Friday, 8 July 2016
The Tory leadership contest(s) is down to the final pair, both women, which infuriates the progressives who, despite all their rhetoric and all-women shortlists, has yet to put a woman in charge of the UK government while the reactionary hooligans of the vicious ‘far-right’ are about to do it for a second time. The establishment is supporting the grey lady of Westminster – Major minor – Theresa May because, well, because. And much of the media are backing the same horse. All of which suggests they haven’t learned from the recent unruly behaviour of an ungrateful electorate who have shown they are simply not to be trusted with politics.
Or do they secretly want you to vote for Andrea Leadsom and are openly backing May because they suspect the party members, who have the final say, will reject the establishment candidate? And were Michael Gove’s manoeuvres a carefully crafted ploy to eventually put Leadsom into the final two – after all, he is frequently cited as one of the most intelligent players in the political game - or does the entire process just smell of cock-up? With two whole months to go, who knows where this could all lead and will we still be on course for Brexit at the end?
One question however, is surely beyond doubt and that is, why on earth would any normal human being want to put themselves forward for this sort of scrutiny? If you are an attention-seeking wannabe celeb a shady past can actively help to propel you to fame, but in a politician, even a scrupulously law-abiding, selfless, dedicated history of involvement in helping others can be twisted and turned into evidence for the prosecution. Failed relationships, membership of religious organisations, overdue library books... any and every past ‘irregularity’ will be examined under the microscope of public prejudice and used against you.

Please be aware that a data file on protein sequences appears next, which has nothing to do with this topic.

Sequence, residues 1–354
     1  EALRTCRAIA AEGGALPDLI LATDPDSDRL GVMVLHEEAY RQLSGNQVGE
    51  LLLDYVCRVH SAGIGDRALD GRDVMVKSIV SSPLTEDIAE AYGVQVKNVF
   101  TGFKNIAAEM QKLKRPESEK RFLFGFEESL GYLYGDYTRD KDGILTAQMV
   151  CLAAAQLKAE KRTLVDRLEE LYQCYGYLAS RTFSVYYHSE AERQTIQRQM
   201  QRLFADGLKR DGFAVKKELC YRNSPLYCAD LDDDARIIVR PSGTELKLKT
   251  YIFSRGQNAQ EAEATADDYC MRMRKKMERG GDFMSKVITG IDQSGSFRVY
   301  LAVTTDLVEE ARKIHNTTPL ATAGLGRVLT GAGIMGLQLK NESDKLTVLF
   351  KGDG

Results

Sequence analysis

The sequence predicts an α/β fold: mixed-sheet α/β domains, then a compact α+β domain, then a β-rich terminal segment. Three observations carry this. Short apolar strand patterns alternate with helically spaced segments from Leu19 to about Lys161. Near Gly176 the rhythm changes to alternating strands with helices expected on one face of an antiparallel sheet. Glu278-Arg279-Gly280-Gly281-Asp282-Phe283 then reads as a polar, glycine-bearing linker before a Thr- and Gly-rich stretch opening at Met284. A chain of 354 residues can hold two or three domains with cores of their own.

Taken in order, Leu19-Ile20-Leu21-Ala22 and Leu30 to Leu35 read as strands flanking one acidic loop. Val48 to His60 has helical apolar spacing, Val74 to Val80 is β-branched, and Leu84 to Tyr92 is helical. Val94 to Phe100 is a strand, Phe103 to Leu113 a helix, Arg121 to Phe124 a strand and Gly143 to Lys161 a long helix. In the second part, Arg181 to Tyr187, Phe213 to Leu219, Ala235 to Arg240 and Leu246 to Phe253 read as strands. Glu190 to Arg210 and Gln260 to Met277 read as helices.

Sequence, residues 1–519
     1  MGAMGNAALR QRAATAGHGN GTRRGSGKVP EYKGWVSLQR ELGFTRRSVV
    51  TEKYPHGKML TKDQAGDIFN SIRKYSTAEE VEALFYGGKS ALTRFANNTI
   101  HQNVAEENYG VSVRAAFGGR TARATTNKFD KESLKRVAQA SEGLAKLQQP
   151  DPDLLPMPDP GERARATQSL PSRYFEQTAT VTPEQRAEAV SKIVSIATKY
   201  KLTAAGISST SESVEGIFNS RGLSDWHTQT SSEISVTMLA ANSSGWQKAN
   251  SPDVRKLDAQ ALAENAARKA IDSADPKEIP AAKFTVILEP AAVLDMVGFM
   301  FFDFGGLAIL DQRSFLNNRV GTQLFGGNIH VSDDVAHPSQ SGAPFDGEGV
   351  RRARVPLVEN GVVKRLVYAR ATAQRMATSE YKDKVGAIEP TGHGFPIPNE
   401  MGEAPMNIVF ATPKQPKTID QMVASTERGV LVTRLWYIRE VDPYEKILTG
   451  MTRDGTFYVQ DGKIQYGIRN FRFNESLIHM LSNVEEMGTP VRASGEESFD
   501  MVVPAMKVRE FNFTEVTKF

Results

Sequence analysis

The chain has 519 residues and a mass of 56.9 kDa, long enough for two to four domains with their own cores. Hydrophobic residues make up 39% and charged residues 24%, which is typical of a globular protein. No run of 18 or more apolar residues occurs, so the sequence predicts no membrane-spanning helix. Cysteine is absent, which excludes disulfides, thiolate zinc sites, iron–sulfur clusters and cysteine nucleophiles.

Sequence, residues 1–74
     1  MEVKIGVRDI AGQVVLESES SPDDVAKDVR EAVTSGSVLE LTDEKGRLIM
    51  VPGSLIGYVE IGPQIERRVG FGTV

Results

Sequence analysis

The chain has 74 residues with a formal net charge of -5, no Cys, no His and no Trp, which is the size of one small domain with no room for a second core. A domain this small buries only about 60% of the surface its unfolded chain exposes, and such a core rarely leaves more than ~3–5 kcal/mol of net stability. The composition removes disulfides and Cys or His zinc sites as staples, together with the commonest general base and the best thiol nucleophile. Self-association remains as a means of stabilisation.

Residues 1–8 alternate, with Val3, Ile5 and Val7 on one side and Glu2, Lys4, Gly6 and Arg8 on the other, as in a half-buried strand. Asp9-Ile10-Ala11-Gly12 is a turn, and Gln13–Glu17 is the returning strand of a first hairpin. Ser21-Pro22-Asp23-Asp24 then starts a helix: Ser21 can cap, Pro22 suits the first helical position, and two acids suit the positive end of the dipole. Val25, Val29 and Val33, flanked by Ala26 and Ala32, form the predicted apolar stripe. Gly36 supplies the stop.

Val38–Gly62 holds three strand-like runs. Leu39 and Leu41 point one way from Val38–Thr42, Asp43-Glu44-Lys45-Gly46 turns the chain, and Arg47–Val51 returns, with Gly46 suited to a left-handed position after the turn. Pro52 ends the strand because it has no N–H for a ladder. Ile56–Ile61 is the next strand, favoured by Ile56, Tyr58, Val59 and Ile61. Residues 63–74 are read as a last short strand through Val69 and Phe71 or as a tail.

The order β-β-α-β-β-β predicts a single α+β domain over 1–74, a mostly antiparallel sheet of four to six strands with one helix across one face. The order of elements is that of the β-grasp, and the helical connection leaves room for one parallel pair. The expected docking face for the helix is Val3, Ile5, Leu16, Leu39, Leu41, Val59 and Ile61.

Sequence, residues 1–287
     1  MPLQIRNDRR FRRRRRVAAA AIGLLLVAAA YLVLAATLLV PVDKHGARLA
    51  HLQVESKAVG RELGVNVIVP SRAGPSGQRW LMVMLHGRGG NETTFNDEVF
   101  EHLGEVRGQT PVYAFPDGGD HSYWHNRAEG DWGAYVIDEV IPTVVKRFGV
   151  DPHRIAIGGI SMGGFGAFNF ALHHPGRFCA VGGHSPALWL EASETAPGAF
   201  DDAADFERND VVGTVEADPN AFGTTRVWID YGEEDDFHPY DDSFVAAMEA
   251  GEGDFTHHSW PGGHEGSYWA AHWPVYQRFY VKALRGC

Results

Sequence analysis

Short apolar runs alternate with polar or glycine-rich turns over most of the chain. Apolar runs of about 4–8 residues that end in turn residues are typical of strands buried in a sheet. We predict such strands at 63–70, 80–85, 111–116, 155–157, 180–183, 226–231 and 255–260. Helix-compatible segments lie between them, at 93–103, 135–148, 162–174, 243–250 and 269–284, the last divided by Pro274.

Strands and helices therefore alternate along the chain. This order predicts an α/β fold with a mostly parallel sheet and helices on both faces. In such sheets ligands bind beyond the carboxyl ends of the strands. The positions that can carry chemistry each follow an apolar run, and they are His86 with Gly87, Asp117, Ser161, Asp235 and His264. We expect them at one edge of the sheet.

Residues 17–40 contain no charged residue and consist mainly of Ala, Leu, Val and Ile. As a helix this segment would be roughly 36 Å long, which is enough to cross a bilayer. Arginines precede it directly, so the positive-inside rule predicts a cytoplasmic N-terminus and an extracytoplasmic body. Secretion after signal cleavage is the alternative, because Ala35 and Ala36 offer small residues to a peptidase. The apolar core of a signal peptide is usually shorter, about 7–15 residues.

All of this unhealthy preoccupation with your existence before Westminster is why many MPs choose the obscurity of the back benches and live out their careers in the shadows, rather than in the unflattering glare of the harsh limelight. I am reminded of one such MP, long consigned to the dustbin of history, who had had a brush with the law as youth but later redeemed himself and went on to quietly campaign for a more understanding justice system. None too bright as a teenager, as an older man he liked to tell the story of how his youthful indiscretion had landed him in juvenile court.
When everybody was assembled the magistrate introduced himself to the assembly, briefly explained the procedures that were to be followed and introduced himself, inviting the other officials to do likewise. Young Mike sat nervously in the dock as, one by one, the main players stood and said their pieces. “I’m Joan, the stenographer and I record everything that is said during the session.” Then “Hello, I am the court clerk. I maintain a record of proceedings and help to administer oaths.” And “I am Steven Jones and I will be examining the defendant as part of my duties as the prosecutor.”
Attention then switched to the man sitting beside Mike who said “Thomas Preston, sir, I am Michael’s solicitor and I will be seeking to defend him to the court and prove his innocence.” At which point all eyes turned to the defendant himself. Mike stood, a little nervously, looked around at the room and stated, “Hello, I’m Mike... and I’m the one who stole the car.”